1974, Janus Films, 140 min, Germany, Dir: Rainer Werner Fassbinder

Adapted from Theodor Fontane’s novel of the same name, Rainer Werner Fassbinder’s richly textured period piece showcases the director’s ability to give traditional source material his own iconoclastic edge. In this 19th century-set tale, 17-year-old Effi Briest (Hanna Schygulla) lives with the older Baron von Instetten in a spookily isolated Baltic manor. Left alone much of the time and with a newly born daughter, Effi begins to enjoy the “company” of handsome Major Crampas (Ulli Lommel), but it is only a matter of time before the baron’s suspicions escalate to violent consequences. Winner of the 1974 InterFilm Award at the Berlin International Film Festival, and named one of the 1,000 best films of all time by the New York Times. In German with English subtitles.

1976, Janus Films, 96 min, Germany, Dir: Rainer Werner Fassbinder

Fassbinder goes Gothic with this character-driven, wicked mosaic of intertwining mysteries. Industrial magnate Gerhard Christ (Alexander Allerson) takes his longtime French mistress Irene (Anna Karina) on a weekend getaway to his luxurious countryside chateau. He gets quite a shock when he discovers his wife, Ariane, and disabled teenage daughter, Angela, already at the manse. Angela, who has deviously planned this meeting and is armed with her mute governess (Brigitte Mira) and a collection of grotesque dolls, devises a diabolical and psychologically vicious truth game of "Chinese Roulette" for the adults to play. In German with English subtitles.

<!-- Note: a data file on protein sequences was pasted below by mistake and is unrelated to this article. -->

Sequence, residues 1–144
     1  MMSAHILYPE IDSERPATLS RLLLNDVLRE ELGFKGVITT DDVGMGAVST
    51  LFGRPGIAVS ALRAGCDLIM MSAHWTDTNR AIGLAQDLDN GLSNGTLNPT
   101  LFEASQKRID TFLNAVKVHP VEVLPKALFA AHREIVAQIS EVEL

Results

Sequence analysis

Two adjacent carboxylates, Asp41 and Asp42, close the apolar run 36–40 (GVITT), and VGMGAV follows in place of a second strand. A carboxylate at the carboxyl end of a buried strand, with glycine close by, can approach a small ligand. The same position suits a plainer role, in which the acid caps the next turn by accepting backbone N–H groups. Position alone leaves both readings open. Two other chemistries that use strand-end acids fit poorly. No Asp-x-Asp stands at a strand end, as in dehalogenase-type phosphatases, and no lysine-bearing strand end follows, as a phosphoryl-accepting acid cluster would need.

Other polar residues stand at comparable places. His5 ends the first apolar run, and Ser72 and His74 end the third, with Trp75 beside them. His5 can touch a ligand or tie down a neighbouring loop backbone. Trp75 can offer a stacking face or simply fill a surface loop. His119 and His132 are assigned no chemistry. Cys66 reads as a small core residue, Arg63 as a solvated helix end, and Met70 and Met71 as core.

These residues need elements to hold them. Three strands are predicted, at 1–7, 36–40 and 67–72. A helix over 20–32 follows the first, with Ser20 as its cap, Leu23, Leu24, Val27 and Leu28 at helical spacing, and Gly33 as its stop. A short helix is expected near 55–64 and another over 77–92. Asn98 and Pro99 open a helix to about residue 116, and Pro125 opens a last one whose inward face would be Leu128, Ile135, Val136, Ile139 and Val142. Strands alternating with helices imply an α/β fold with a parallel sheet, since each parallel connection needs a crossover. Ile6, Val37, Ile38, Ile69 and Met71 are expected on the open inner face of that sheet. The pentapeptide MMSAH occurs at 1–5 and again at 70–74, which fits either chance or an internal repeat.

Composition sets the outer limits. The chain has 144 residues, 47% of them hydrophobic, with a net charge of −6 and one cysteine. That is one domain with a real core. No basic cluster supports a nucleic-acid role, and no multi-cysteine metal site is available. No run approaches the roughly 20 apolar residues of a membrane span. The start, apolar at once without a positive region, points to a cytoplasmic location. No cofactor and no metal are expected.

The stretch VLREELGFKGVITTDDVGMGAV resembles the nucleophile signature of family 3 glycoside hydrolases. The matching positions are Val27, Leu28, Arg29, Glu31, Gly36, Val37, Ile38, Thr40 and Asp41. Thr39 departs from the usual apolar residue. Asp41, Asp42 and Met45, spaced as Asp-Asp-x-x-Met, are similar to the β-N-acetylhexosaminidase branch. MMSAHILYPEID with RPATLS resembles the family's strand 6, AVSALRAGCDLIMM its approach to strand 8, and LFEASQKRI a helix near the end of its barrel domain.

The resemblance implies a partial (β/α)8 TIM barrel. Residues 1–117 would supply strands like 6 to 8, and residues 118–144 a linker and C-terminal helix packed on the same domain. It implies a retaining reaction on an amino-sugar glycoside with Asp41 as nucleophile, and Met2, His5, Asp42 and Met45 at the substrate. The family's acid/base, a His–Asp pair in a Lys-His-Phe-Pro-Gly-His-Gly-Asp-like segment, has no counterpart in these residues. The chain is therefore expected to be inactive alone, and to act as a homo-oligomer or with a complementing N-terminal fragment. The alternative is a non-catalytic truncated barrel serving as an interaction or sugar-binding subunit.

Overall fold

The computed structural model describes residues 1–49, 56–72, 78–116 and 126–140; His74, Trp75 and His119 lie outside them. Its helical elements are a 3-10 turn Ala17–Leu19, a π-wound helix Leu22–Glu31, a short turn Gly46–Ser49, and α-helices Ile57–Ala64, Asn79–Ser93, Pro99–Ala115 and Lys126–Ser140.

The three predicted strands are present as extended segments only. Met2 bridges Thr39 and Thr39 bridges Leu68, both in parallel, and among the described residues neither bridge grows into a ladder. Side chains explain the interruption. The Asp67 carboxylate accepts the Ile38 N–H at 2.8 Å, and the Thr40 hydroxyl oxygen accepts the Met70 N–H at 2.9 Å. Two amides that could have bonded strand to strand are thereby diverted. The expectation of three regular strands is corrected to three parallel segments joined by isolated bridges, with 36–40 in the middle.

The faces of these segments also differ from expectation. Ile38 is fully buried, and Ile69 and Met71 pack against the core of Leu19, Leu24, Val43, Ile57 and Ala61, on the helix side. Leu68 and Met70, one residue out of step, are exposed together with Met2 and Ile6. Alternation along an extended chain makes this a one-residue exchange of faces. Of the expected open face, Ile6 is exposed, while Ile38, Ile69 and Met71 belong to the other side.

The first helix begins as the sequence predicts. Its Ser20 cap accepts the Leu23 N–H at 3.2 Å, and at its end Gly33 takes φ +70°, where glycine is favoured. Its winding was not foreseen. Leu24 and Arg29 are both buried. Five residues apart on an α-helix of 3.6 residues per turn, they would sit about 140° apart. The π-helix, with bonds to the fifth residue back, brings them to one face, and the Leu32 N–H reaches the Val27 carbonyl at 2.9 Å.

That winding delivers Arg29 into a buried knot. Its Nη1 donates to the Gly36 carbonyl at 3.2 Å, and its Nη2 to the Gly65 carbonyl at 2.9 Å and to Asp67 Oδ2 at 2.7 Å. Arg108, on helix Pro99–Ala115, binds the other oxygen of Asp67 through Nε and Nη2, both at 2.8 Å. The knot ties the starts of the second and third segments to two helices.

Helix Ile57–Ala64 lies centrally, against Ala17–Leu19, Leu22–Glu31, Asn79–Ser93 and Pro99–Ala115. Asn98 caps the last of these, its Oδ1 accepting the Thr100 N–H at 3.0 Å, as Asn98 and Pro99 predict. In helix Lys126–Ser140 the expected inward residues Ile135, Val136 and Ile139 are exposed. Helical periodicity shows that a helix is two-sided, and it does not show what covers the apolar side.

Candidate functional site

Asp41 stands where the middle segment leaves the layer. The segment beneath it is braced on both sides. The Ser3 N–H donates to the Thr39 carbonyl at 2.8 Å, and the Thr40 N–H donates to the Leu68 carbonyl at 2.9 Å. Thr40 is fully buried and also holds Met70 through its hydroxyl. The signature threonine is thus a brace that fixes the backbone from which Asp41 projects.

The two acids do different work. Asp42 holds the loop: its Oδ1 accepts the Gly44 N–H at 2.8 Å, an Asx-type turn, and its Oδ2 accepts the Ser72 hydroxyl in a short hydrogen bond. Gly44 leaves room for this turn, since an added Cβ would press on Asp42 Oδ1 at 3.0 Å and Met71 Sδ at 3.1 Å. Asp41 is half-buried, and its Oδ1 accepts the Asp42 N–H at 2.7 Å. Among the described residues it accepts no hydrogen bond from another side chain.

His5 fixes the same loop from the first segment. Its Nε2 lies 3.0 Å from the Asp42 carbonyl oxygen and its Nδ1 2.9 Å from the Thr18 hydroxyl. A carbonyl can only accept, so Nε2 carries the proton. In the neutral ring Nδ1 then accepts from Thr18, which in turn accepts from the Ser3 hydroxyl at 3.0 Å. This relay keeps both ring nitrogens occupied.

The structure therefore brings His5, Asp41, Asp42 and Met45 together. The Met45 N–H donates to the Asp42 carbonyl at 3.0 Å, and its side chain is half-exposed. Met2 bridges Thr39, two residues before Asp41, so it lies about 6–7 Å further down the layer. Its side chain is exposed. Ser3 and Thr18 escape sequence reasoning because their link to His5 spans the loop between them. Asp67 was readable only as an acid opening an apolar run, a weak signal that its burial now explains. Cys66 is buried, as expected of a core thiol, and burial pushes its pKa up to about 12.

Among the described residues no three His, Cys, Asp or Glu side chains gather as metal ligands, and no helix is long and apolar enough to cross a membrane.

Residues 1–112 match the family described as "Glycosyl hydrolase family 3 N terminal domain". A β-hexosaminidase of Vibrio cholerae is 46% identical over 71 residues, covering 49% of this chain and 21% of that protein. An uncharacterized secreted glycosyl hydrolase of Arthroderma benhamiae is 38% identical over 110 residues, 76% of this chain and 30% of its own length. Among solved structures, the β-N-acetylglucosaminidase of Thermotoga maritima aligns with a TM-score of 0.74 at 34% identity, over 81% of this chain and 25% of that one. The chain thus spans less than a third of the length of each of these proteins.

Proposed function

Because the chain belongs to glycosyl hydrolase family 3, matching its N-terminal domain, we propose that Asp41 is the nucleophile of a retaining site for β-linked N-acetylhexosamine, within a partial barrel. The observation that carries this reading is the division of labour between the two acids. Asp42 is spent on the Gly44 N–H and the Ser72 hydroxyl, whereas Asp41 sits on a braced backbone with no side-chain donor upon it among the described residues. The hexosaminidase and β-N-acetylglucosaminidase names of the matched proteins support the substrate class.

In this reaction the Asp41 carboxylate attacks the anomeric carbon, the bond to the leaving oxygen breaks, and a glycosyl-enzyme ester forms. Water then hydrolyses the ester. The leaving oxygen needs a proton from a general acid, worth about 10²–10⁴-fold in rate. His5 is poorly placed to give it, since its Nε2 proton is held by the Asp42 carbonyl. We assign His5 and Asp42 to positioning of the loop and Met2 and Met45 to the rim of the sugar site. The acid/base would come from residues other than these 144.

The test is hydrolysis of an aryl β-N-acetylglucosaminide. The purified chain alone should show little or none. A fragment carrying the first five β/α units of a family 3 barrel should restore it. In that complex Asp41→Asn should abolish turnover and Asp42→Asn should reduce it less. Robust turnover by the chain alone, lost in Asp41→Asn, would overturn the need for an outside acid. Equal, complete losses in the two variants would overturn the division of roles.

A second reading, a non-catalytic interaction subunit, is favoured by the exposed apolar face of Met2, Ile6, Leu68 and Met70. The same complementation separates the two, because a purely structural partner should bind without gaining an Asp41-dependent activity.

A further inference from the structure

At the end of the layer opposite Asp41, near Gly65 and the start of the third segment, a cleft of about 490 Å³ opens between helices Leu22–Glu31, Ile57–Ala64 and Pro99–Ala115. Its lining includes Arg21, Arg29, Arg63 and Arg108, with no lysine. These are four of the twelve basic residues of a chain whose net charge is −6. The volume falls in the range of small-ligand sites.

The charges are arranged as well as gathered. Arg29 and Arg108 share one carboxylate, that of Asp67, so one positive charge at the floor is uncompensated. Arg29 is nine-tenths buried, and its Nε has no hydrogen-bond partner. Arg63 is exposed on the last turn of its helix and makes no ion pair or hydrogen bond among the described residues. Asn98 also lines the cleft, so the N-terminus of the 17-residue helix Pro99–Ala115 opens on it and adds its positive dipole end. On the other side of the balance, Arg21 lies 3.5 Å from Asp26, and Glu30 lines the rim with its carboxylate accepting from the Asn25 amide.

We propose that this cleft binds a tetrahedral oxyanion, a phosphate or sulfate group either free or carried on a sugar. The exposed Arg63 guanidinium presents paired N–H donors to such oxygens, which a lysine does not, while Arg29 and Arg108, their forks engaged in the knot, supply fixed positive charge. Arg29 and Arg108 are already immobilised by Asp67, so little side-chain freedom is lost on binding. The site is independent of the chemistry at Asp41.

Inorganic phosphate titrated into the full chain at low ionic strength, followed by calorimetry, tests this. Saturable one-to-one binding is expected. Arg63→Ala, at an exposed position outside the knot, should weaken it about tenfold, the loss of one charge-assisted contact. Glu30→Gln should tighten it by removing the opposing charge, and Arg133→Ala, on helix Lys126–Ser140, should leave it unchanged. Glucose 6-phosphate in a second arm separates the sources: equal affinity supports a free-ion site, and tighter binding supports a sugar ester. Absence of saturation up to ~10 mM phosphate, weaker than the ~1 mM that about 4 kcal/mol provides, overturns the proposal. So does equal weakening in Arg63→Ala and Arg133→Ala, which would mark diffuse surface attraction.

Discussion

1982, Janus Films, 104 min, Germany, Dir: Rainer Werner Fassbinder

Drug-addled and poisoned by nostalgia, faded film star Veronika Voss (Rosel Zech) is attempting to return to her 1940s heyday of glittering, sexy success by fueling herself with booze and cocaine. Having fallen into the talons of a sadistic psychiatrist (Annemarie Duringer) who enjoys having a celebrity around the office and doesn’t mind providing Veronika with just enough prescription cocktails to keep her on a dependant leash, the washed-up starlet seems in every way at odds with the 1950s and ’60s West German “economic miracle” around her - or is she? Caustically, brilliantly critical as ever, Fassbinder’s third installment in the “BRD Trilogy” is another excellent, nuanced portrait of postwar Germany. In German with English subtitles.

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